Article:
Whether it’s physical, communicational, or whichever type of contact, you feel like relationships just don’t work without it.
But did you know that taking time-outs is part of relationships, too?
It’s important for couples to have a healthy level of influence on one another without being completely dependent (Simms, 2021).
Did they just arrive from work? Have they been stressed lately? Do they have introverted tendencies?
There are a lot of factors to consider when your partner asks you to give them some space, so try not to freak out immediately when it comes up.
Instead, try to understand where they’re coming from.
There are a lot of things you can do to make giving space a healthy part of your lives such as setting do not disturb zones and time-outs from calling and texting, too.
It’s all about balance, so it’s good to experiment and talk with your partner about it.
6. You don’t need to have sex with your partner if you don’t want to.
Do you feel like you have to do it just for the sake of pleasing your partner?
Keep in mind that consent is only consent if you’re fully comfortable with doing it.
If sex starts to feel like an obligation or a method of avoiding negative outcomes, then you’re most likely being sexually coerced.
In adulthood, more than 1 million people are the victims of rape or sexual assault each year, according to the National Institute of Justice (Shute, 2013).
A 2017 study that appeared in the Archives of Sexual Behavior found that the average adult currently enjoys sex 54 times a year, which equates to about once a week (Gould, 2018).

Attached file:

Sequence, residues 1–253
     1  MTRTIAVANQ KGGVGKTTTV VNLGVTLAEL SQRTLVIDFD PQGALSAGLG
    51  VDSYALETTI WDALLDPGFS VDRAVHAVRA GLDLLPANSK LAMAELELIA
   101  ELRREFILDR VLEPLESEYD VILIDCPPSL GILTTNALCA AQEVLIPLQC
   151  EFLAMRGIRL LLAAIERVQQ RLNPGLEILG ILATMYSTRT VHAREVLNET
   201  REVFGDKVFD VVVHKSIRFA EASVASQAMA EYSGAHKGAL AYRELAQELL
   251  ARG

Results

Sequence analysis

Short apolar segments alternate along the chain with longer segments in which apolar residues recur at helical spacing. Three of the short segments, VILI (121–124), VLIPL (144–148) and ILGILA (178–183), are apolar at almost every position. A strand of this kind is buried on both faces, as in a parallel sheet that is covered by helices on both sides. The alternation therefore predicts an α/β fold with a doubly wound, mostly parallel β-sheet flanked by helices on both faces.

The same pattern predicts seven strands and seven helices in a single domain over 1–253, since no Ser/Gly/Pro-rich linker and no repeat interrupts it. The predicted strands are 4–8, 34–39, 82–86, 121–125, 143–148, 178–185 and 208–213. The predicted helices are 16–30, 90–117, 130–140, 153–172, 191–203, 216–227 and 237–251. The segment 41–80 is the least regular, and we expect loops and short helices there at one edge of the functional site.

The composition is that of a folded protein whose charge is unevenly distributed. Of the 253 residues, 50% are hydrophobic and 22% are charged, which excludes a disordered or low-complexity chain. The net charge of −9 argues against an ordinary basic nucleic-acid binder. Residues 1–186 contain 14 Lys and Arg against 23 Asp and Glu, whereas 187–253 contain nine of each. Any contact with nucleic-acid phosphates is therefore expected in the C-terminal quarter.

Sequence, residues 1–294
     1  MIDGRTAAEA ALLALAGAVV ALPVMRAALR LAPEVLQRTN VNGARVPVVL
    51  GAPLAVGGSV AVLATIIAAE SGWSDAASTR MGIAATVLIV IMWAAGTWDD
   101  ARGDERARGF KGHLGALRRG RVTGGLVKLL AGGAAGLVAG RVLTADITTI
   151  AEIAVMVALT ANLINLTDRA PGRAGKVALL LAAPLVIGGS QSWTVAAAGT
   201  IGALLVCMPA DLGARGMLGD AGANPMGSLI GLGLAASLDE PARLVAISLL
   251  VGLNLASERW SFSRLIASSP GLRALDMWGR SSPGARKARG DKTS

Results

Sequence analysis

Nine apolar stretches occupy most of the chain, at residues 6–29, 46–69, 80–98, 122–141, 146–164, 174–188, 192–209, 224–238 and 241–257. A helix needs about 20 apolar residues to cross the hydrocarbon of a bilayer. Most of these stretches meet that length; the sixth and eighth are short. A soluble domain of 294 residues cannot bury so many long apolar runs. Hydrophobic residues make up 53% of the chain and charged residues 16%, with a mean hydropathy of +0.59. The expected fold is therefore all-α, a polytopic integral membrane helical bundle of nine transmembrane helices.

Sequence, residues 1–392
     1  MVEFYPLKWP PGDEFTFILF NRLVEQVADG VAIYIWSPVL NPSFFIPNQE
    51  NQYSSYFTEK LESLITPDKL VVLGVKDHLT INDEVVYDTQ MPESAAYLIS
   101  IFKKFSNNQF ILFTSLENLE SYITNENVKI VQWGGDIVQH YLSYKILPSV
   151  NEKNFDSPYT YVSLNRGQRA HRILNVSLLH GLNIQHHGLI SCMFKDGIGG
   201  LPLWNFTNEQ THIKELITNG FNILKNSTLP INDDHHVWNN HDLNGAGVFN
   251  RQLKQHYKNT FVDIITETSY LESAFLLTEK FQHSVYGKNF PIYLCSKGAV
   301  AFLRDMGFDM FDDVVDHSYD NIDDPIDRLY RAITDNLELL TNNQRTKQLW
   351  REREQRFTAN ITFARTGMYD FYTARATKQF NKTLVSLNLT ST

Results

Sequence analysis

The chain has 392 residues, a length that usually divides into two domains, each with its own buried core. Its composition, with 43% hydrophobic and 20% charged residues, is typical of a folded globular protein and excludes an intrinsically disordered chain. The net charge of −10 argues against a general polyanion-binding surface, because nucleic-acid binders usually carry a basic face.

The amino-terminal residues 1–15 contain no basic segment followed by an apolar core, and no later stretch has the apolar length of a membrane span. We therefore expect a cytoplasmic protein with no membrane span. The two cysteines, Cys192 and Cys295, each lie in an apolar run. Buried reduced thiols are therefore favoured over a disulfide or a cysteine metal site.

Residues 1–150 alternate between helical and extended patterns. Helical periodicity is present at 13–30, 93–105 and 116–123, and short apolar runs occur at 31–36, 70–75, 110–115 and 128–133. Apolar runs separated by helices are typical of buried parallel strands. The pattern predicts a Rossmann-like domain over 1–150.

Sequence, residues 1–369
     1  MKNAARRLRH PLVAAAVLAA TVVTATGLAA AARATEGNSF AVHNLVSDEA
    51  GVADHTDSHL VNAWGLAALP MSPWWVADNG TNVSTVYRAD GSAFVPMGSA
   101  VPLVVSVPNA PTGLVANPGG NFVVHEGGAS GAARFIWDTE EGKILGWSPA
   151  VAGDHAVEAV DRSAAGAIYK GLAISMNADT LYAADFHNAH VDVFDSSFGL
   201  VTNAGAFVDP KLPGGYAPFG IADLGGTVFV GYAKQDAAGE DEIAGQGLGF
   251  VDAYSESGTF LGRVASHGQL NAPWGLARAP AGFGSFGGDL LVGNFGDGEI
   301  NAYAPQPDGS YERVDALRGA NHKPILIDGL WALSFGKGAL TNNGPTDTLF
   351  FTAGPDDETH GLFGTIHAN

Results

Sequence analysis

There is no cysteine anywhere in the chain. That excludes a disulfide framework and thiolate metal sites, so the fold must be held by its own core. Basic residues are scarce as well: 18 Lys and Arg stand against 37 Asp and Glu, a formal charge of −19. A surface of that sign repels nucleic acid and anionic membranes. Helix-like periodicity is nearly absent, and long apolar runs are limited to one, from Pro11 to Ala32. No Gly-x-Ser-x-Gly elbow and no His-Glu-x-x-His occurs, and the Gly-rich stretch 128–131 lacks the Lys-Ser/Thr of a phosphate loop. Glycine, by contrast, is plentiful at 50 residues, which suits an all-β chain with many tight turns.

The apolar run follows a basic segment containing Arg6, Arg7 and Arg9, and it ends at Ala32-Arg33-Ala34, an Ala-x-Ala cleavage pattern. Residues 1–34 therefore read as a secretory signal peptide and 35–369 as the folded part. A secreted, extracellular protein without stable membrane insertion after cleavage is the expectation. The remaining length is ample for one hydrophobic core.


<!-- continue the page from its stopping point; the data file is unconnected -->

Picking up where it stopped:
When your partner wants to have sex all the time, it also might be an indicator of anxiety.
They could be using the emotional and physical benefits of intercourse to regulate their mood.
Each couple has a different approach when it comes to sex, so it’s important to listen to your personal urges as well as your partner’s.
However, when you feel like it’s getting too much, it’s high time you talk to them about it or reach out to someone for help.
7. Being in a relationship doesn’t mean you should lose yourself in it.
How much of yourself are you giving to your significant other?
When you love someone, it just seems natural to give them everything.
You would want to spend every second of the day with them, live with them, adore them.
Their mere presence leaves you enraptured and every thought that’s not related to them floats away.
This feeling is good, but it’s not sustainable.